A damaged overpass at Park Royal Shopping Centre that closed southbound traffic on West Vancouver’s Taylor Way.
Giant chunks taken out of the 152nd Street overpass in Surrey, forcing the closure of the northbound lane on Highway 99.
And on Tuesday, traffic was left to crawl for hours in Langley after there was damage on the Glover Road overpass.
The culprit in each case? Truck drivers who appear to have misjudged the heights they needed to clear to drive past.
But why does this keep happening? Because there’s not enough training to ensure it doesn’t, Dave Earle, president and CEO of the BC Trucking Association, told Global News.
“People aren’t having the training they need,” he said.
“They’re not having the time to make the right decisions that they need.”
The latest incident saw a semi-truck carrying a container slam into the Glover Road overpass.
The container slid off the back of the truck and blocked the right-hand lane.
Earle didn’t know the particulars of the incident, but he said, “when you look at it… we look back and ask, what training and opportunity did that driver have to make that decision and to do the right thing?”
“Should a trucker know exactly how high their load is, how long it is, how much it weighs and what’s in it? Absolutely,” Earle said.
“That’s where we believe some minimum entry-level training standards should really apply.”
Earle said truckers are currently trained to understand and plan a route, and to work with dispatchers to understand the limitations of that route.
And they have to make decisions to ensure they’re “not going to be impacted by these limitations on the route that they’ve chosen,” he added.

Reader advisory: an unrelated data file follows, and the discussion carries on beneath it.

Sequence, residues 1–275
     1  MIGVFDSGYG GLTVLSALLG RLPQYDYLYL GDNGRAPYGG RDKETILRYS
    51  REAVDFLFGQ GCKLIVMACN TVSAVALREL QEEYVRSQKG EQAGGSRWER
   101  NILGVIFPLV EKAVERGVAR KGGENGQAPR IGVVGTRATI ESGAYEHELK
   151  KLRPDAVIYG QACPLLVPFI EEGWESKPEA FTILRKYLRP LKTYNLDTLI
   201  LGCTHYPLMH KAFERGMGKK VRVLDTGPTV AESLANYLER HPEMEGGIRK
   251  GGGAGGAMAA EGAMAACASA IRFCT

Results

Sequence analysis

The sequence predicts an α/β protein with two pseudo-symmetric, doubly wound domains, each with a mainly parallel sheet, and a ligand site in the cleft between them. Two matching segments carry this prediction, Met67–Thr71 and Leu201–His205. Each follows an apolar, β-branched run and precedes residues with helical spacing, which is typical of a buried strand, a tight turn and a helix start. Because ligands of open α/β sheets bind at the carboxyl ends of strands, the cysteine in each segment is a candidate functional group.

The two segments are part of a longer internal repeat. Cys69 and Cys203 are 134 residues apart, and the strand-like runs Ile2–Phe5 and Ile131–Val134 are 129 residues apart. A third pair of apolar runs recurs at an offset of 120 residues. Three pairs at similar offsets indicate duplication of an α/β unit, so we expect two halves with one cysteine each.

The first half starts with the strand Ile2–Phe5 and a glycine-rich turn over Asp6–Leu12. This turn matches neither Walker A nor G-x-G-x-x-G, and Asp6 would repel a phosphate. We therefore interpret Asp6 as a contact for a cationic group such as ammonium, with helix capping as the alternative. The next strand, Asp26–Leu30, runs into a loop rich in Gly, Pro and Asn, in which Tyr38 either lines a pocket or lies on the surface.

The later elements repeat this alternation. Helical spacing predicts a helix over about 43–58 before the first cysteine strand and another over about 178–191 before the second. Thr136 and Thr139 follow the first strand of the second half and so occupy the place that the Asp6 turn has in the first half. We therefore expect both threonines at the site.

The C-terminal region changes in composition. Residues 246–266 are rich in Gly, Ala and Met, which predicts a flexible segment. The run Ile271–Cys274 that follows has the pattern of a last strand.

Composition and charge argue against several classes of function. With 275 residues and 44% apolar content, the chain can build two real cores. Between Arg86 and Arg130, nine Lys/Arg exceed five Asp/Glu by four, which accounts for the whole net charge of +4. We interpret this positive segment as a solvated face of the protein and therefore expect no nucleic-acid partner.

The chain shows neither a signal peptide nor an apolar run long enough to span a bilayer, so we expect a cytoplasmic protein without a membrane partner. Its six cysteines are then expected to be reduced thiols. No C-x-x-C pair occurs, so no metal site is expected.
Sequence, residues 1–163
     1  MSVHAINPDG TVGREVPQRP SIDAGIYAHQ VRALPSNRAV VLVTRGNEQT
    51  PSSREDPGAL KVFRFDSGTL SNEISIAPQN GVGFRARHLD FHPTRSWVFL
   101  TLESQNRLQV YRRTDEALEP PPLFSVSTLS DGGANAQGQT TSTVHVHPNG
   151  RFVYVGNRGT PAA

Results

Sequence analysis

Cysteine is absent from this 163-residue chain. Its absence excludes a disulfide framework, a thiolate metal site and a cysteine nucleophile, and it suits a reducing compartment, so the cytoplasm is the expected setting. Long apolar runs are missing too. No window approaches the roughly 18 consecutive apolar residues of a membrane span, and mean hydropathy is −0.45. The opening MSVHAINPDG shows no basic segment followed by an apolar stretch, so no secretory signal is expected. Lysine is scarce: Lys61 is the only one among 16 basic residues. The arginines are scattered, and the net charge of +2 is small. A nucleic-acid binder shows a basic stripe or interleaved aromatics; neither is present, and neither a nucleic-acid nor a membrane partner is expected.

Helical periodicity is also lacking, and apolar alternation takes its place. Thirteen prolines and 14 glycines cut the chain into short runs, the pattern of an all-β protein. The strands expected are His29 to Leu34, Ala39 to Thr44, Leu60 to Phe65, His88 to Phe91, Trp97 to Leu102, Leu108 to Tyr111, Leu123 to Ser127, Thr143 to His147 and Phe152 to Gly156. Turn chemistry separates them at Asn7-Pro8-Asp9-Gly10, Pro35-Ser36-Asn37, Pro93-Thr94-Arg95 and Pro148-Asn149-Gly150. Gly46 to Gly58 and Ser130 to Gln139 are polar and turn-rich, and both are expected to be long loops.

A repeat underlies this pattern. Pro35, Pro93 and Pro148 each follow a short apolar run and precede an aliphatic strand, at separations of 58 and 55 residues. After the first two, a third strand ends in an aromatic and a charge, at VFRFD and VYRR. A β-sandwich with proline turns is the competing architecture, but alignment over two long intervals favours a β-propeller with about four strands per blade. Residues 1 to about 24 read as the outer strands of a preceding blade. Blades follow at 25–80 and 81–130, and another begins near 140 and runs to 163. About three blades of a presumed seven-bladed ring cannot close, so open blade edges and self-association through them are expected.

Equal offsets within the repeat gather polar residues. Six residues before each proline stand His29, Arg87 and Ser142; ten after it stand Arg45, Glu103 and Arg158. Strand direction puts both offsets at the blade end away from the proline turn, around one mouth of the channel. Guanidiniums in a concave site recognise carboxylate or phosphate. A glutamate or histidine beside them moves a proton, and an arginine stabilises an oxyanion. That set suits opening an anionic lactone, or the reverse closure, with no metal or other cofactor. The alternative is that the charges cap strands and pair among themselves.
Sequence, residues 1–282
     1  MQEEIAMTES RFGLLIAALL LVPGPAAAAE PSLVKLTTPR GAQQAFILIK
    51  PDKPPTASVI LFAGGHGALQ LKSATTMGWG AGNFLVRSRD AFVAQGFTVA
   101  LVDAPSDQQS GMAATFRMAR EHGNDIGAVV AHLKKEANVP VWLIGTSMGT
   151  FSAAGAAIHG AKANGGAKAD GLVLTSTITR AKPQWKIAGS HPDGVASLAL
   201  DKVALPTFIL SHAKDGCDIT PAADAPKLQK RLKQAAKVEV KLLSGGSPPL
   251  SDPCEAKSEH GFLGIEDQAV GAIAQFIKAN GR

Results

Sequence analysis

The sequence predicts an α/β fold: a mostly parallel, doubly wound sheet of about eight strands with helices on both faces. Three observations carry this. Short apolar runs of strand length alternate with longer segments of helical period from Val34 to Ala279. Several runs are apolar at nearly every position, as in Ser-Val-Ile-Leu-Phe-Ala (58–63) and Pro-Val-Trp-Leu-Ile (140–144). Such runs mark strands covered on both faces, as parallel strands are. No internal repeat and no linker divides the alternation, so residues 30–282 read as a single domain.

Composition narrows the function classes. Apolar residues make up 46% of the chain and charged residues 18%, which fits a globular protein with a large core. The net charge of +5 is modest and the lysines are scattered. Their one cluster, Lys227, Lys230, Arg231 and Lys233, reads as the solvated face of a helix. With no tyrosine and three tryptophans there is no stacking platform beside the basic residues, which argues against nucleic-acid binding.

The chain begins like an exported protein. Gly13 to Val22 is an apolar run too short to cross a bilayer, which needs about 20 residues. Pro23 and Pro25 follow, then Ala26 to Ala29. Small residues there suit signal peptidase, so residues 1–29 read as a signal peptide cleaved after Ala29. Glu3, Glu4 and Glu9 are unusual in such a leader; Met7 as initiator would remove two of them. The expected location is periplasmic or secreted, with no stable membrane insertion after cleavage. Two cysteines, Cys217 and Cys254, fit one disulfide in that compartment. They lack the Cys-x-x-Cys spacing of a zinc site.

But the current training simply doesn’t do enough to help drivers understand the size of what they’re transporting at a given time.
WATCH: Container truck meets overpass in Langley
“We need to be able to make sure operators understand the importance of knowing their load, that they understand how to measure the dimensions of their load, and that they understand the importance of planning their route,” Earle said.
Currently, if you want to drive a truck for a living, you can enter a professional driving school if you have a valid driver’s licence such as a Class 5.
There, you’ll learn skills to help you move product in a heavy commercial vehicle, Earle explained.
He added, however, that schools aren’t necessarily giving prospective truckers enough time to hone those skills and learn how to operate safely.
And as for knowing the size of your load, it’s not always that simple, Earle said.
Drivers often have to depend on information from shippers, or whoever’s loading a container on your truck.
“You don’t know how high your chassis is, and you don’t know exactly how high that container is,” he said.
“Unless someone’s actually taken you aside and told you how high the base of your chassis is, and what that looks like, and helps you plan that effective route, you’re not necessarily going to know.”
Earle said the provincial government is “actively” looking at the training issue, but “it’s going to take a little bit of time.”
- With files from Sonia Deol, Amy Judd and Jon Azpiri